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I am starting to develop the following scenario (Visual Studio 2010, WCF): Different clients in our network will call a web service that I developed myself, which is hosted as part of a windows service, so we are talking about a self hosted WCF Web Service inside a Windows Service.

That self hosted WCF Web Service will in turn make calls to an external Web Service, so is acting like a sort of facade.

Obviously my self hosted WCF Web Service will need to accept concurrent calls and here comes my question: What I am planning to is in the operations that are called from the different clients on my self hosted WCF Web Service, I would simply create the client for the external webservice, make the call to the external webservice, get a syncronous response back from the external web service and then reply to the calling client.

Sounds simple, but is there anything I need to consider about multiple threads entering my service host? Obviously I need to be careful with any "global" variables in the host itself, but I should be save if I simply create the external web service clients in the different operations of the called web service, or have I overlooked something?

Thanks all!

Cheers, Stevo

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1 Answer 1

up vote 7 down vote accepted

You have a few choices here, particularly as they relate to WCF instancing and Concurrency.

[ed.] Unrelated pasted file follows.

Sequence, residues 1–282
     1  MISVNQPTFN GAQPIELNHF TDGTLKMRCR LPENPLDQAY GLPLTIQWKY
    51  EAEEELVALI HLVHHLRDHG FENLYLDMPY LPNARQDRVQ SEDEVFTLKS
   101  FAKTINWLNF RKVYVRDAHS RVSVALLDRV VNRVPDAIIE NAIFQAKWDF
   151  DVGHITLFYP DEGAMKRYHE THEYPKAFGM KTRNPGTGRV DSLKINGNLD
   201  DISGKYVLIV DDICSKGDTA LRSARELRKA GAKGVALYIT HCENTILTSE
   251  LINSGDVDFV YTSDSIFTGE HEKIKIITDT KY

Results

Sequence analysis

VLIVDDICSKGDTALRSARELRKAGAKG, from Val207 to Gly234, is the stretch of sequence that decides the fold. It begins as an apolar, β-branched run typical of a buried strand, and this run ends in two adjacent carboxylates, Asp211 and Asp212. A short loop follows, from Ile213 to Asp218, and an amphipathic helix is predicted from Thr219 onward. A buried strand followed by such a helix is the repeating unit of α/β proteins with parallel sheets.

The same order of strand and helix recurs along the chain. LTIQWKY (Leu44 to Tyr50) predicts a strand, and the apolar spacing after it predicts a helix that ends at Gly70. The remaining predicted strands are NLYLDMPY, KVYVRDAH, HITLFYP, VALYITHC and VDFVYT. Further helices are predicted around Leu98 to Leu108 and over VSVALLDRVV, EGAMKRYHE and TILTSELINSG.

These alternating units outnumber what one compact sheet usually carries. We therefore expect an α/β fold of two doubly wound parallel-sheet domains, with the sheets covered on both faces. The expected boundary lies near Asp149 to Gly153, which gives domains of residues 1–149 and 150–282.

Instancing: Your choices here are

  • PerCall: A new InstanceContext (and therefore service object) is created for each client request.
  • PerSession: A new InstanceContext (and therefore service object) is created for each new client session and maintained for the lifetime of that session (this requires a binding that supports sessions).
  • Single: A single InstanceContext (and therefore service object) handles all client requests for the lifetime of the application.


  • Single: Each instance context is allowed to have a maximum of one thread processing messages in the instance context at a time. Other threads wishing to use the same instance context must block until the original thread exits the instance context
  • Multiple: Each service instance can have multiple threads processing messages concurrently. The service implementation must be thread-safe to use this concurrency mode.
  • Reentrant: Each service instance processes one message at a time, but accepts re-entrant operation calls. The service only accepts these calls when it is calling out through a WCF client object.

Lets look at Instancing first:

Per Call: Basically here what happens is if two clients make a call to your service, 2 different instances of your service are created, and then destroyed once the call is complete

Per Session: If those two clients make 2 calls each via your proxy, the wcf instance created on your host for both of those calls will be the same (for each proxy so 2 instances serving 2 each but each caller goes to the same instance), and then destroyed

Single: Both proxies/clients will use the same instance, so caller 1 invokes an operation, and then caller 2 makes a call, this same instance will be reused.

Pretty straight forward.

As far as concurrency goes, its the number of threads active in the above mentioned instance context at one time. Here i side with experience and MSDN, which states that "understanding and developing code that safely uses more than one thread can be difficult to write" (but not impossible)

So based on your requirements it seems you don't want to maintain state and scalability could be concern since you are servicing multiple proxy calls and you don't need to share any kind of global data that would necessitate Single Instance mode, then the most likely solution would be:

public class YourService: IYourService
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Thank you so much, this is exactly what I was looking for. –  ManOnAMission Sep 6 '12 at 2:36

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